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(PS – I visited Lebowski Bar’s page in February, and I noticed that they were offering free bacon on all burgers for Valentine’s Day. First of all, that’s quite the way to celebrate; second of all, had I known about this sooner, I would have definitely pushed for a return visit slash date night.)

Wednesday, Dec. 2nd

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The morning was clear after the previous day’s winter storm, and after starting our day, we walked down to the Harpa Concert Hall to pick up tickets for a Sin Fang show later that night. We arrived at Harpa at just the right time, as the sun was high enough in the sky to throw some beautiful colors into the surroundings.

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Shortly thereafter, dark clouds, heavy with precipitation, rolled in, but instead of rain, they brought more snow. We wound up at Kex Hostel and Bar, where the restaurant/bar provided us with unnecessary amounts of delicious food: a spicy burger, salmon and kale, fresh sausages, and a simple yet much-needed green salad.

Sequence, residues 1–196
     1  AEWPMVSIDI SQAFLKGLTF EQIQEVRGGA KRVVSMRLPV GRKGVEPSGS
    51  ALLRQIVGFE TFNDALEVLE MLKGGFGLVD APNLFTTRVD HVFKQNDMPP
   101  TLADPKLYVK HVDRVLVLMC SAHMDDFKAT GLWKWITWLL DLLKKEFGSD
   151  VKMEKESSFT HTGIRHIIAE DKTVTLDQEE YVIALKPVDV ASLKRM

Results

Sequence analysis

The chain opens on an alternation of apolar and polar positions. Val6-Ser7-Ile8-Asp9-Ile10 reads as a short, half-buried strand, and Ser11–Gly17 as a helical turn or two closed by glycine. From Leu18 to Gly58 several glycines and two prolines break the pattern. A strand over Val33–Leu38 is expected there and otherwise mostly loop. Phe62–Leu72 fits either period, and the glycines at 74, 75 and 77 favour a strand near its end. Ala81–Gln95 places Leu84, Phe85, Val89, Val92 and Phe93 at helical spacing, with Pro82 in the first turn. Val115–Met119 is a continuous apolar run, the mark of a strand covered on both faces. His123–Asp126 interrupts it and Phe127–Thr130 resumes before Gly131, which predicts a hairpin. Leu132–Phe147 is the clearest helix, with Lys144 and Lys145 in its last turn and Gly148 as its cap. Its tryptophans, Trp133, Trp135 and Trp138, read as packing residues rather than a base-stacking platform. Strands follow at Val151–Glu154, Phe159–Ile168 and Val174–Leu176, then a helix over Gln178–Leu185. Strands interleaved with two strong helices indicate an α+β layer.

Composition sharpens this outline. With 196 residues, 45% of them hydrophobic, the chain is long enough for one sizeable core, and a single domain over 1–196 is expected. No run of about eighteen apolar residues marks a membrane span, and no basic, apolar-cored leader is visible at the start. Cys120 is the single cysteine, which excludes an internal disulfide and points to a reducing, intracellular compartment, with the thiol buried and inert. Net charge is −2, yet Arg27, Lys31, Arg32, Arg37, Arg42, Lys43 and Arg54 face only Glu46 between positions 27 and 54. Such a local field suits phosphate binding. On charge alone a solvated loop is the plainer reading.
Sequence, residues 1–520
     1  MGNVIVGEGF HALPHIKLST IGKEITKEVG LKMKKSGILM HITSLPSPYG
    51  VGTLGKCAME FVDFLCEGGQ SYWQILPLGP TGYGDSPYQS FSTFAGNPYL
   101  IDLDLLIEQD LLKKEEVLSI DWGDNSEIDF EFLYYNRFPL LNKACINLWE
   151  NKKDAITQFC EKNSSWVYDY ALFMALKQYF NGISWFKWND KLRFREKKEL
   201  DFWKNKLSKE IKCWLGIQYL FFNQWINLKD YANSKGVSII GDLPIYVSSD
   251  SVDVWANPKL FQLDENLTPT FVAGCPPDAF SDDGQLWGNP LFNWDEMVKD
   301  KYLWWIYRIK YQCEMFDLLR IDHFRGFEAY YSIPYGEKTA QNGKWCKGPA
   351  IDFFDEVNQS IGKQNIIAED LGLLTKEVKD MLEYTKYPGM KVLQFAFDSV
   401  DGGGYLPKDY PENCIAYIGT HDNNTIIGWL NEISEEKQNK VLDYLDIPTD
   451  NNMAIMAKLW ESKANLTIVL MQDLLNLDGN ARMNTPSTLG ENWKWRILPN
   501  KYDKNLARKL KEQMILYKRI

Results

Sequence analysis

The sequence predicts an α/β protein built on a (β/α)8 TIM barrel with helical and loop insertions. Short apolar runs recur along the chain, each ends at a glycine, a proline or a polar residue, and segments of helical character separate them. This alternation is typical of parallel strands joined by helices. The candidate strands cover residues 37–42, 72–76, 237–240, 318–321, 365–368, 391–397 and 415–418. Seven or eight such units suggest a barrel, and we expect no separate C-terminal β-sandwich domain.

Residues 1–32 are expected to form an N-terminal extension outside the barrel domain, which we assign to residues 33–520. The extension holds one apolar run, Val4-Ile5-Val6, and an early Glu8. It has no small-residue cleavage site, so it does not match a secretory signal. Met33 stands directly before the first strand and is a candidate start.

Later that evening, we went back to Harpa and watched the show. We were in one of the small auditoriums, looking down on the group. All the songs were in English, and all of the filler between songs was in Icelandic. This made for a pretty mellow experience for us. We didn’t understand any of the punchlines to the jokes, but we laughed along anyway. Young Boys was the subject of some kind of joke about it being a “gay anthem.” It’s fairly obvious upon listening to see how that could be; the song itself is one of my favorites now, and I encourage you to take a listen.

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After the concert, we quite likely ended up at Prikid, as we had time on our hands, and feet with which we could walk.

Thursday, Dec. 3rd